Waterwalker is the title of Bill Mason's iconic movie on canoeing. And indeed, canoeing and walking have got a lot in common. Not only the same traveling speed of about 4 kilometers per hour, but also a meditative rhythm. Countless steps on a hike match numerous paddle strokes on rivers and lakes. Difficult rapids, where each paddle stroke better be placed correctly, correspond to rugged mountain stages, where likewise every single step better be placed well. Similarly, the lessons to be learned - either in high mountains or on remote rivers. Lessons about one’s own insignificance in such oversized settings. Modesty and humility will take you farther.
But there are also marked differences. While you can wander around in Central Europe with, let's say, 10 kilograms of equipment (all told), a canoe trip in Canada's Back of Beyond may require an outfit that soon weighs 10 times as much (excluding food). Take drinking water: In Canada, it carries your canoe. On a hike you carry the water. Or the margin for error: Whereas on a hike one single wrong step can wreak havoc to your journey, it is unlikely that an erroneous paddle stroke will bring your journey to a halt. Take the consequences of a blunder, or bad luck: Where in Central Europe a rescue helicopter is often not too far away, a distress signal triggered in the far reaches of the Canadian North may activate a Hercules CC-130 many thousands of miles away. Or take free miles: Where you may well travel long distances on a river without expending yourself, you won't cover a single meter on a hike if you don't push yourself. Take silence and solitude, so closely associated with Canada's North. Even in ancient forests or on high mountain slopes in Central Europe, it is a matter of good fortune. While solitude in the Canadian North can be measured in weeks, in central Europe it is more a matter of hours - or, if you are lucky, a day or two. Whereas many mountains north of 60 are still nameless, in Central Europe every hillock has a name. In short: Canada's North is good for great escapes, Central Europe's mountains for the lesser ones.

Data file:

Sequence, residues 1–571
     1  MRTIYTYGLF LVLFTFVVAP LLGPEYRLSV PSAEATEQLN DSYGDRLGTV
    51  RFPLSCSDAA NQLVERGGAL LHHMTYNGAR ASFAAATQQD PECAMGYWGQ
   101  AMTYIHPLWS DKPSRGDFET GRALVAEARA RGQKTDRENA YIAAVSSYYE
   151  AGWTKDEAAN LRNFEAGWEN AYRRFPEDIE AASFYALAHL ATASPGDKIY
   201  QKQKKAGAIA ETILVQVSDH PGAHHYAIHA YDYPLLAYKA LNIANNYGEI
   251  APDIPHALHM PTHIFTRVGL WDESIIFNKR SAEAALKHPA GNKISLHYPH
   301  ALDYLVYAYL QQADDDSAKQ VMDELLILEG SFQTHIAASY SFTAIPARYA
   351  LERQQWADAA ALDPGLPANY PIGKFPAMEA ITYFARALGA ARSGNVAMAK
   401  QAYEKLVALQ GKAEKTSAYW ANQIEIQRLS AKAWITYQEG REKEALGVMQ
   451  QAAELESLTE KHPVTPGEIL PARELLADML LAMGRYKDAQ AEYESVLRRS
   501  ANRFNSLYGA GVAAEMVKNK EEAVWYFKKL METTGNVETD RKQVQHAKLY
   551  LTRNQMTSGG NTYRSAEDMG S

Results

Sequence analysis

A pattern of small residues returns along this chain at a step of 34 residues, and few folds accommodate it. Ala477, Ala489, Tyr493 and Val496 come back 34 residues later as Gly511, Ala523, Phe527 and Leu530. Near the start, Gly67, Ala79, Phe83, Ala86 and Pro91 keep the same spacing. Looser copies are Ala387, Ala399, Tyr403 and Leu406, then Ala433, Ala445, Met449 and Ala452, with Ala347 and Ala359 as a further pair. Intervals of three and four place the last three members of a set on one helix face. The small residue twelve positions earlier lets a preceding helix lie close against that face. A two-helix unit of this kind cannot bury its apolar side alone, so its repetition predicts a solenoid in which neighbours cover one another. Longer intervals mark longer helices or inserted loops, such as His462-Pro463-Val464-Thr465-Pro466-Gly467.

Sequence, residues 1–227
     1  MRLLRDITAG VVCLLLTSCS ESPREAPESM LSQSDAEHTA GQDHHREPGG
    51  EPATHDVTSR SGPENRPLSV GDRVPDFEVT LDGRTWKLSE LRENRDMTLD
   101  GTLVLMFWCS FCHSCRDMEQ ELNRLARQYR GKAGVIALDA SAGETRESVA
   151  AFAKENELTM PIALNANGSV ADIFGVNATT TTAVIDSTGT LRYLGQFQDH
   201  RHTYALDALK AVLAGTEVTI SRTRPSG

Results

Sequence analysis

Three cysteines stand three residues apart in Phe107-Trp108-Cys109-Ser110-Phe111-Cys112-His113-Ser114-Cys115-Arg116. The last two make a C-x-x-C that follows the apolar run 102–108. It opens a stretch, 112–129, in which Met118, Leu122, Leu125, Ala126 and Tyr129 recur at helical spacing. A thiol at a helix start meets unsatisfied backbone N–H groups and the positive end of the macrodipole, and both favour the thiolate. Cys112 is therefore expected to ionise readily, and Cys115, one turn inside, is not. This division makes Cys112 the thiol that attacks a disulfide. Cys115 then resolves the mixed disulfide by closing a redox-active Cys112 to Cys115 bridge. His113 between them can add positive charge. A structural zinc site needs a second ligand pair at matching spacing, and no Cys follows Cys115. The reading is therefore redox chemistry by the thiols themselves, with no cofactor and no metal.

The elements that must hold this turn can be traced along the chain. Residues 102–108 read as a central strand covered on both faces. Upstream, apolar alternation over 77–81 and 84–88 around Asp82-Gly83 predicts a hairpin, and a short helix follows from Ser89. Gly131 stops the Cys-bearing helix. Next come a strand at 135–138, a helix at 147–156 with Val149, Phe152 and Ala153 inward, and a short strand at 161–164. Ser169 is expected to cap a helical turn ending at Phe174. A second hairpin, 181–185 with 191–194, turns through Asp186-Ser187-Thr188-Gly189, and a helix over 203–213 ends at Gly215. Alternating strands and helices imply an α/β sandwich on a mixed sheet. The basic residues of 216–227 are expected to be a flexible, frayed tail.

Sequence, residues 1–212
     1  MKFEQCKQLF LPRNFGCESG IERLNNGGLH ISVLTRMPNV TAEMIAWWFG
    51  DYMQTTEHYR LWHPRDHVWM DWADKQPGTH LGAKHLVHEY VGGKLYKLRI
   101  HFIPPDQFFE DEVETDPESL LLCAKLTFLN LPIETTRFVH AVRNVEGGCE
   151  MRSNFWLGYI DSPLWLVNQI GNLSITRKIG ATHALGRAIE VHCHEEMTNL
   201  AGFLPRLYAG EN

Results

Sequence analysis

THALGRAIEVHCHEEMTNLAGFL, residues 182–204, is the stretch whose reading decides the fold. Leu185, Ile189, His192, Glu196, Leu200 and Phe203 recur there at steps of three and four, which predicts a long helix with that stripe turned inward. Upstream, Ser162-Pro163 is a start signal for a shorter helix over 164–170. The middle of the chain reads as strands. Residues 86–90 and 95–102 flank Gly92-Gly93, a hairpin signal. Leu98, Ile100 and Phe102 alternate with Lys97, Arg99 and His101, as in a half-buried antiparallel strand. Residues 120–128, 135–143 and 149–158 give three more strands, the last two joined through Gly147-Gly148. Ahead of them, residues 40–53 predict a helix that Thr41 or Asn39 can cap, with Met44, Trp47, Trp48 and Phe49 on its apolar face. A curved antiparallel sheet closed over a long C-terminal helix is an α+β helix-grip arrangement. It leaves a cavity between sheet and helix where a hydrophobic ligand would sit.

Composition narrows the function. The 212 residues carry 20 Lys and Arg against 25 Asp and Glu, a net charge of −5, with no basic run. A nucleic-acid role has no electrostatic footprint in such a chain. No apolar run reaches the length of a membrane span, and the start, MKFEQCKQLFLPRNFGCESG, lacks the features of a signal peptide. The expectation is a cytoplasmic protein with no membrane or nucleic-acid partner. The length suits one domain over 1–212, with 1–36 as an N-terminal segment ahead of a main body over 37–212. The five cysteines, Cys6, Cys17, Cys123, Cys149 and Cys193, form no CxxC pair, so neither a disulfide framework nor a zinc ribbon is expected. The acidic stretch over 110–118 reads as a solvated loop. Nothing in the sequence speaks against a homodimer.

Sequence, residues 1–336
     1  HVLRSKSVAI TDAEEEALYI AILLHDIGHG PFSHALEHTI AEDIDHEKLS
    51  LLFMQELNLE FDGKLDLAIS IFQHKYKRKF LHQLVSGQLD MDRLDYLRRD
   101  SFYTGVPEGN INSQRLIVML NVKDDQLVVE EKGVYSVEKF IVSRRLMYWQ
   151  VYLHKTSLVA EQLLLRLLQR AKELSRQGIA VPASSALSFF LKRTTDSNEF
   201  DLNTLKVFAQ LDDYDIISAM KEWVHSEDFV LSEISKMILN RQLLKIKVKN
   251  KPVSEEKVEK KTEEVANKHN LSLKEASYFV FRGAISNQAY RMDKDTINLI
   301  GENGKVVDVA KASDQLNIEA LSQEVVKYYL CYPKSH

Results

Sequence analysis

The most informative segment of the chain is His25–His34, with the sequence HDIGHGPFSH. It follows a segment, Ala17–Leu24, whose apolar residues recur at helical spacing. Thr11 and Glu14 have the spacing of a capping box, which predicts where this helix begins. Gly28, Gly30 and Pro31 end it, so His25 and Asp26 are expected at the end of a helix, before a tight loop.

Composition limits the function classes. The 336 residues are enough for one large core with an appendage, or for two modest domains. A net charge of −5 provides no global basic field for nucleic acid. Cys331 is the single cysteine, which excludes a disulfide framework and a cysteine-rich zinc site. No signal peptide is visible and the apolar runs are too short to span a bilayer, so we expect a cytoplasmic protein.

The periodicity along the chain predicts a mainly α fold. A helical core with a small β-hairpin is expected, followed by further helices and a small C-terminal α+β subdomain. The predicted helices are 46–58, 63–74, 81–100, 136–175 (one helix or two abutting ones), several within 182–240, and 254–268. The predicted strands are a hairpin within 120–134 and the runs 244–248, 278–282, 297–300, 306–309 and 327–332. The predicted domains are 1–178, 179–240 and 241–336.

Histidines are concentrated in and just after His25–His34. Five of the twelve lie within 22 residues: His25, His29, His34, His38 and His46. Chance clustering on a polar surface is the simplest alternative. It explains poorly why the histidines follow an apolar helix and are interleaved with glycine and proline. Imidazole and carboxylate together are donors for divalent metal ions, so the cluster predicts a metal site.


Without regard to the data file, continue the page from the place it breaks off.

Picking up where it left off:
These galleries are intended to convey an idea of what is in store along the way. For those who are planning to go and those who share an interest into long distance hiking and mountains but cannot go have a look for themselves. From Munich to Venice entices by traversing three different countries with their traditional food, customs and languages. Whereas the special charm of the Pyrenees for me was crossing Spain from one ocean to the other. The Grande Traversata delle Alpi (GTA) is a physical challenge accompanied by Italian food. The Dientes are hardly worth mentioning from a hiking perspective. It takes only a few days to complete the circuit. But this trail is truly south of 60 degrees (north) and the southern beech tree is a noteworthy beauty. The Via Dinarica was born out of the necessity to start early (June) with mountains en route but avoiding issues with snow. With regards to through-going natural beauty, I would not rank the Via Dinarica in first place. This hike is for those who are particularly interested in the Balkans. And it is a good idea to learn about the complicated and tragic history of this region beforehand. There is a very good 3-part documentation: "Balkan in Flammen". Revisiting the Pyrenees was owed to the virus. And with travel restrictions changing every fortnight in 2021, a jaunt into the Alps seemed the most promising and straightforward.
This site is also a plea for one’s own tent. Some campsites and the hours you spend there cannot be matched by anything you could ever get in a (serviced) mountain hut.
In terms of numbers, the above routes work out as follows:
GR 11: 800 KM distance – 50 days – 34 KM ascent and descent.
HRP: 740 KM distance – 58 days – 37 KM ascent and descent.
GTA: 700 KM distance – 50 days – 46 KM ascent and descent.
Munich to Venice: 610 KM distance – 33 days – 30 KM ascent and descent.
Via Dinarica: 1130 KM distance – 74 days – 42 KM ascent and descent.
Vienna to Lago di Como: 1080 KM distance – 73 days – 57 KM ascent and descent.
Now, especially the numbers for ascents and descents are to be taken with caution. Different algorithms result in different numbers for one and the same GPX file. For example: Outdooractive estimates 43 KM for the ascent and descent of the HRP, Google in comparison only 37 KM. Even more serious is Google's limit for the maximum file size for a GPX track (5MB). The GPX file of the hike from Vienna into the Alps, for example, had 8.7 MB (55787 positions) and came to about 82KM in ascent and descent using the Routeconverter. The file for Google (4.3 MB and half of the positions) resulted in the same algorithm (Routeconverter) only 77 KM for ascent and descent. With the Google algorithm it was down to 57.6 KM. So, in absolute terms, the numbers appear therefore not very meaningful. When comparing different routes, calculated with the same algorithm, they are, to me.
All routes on one map can be found here.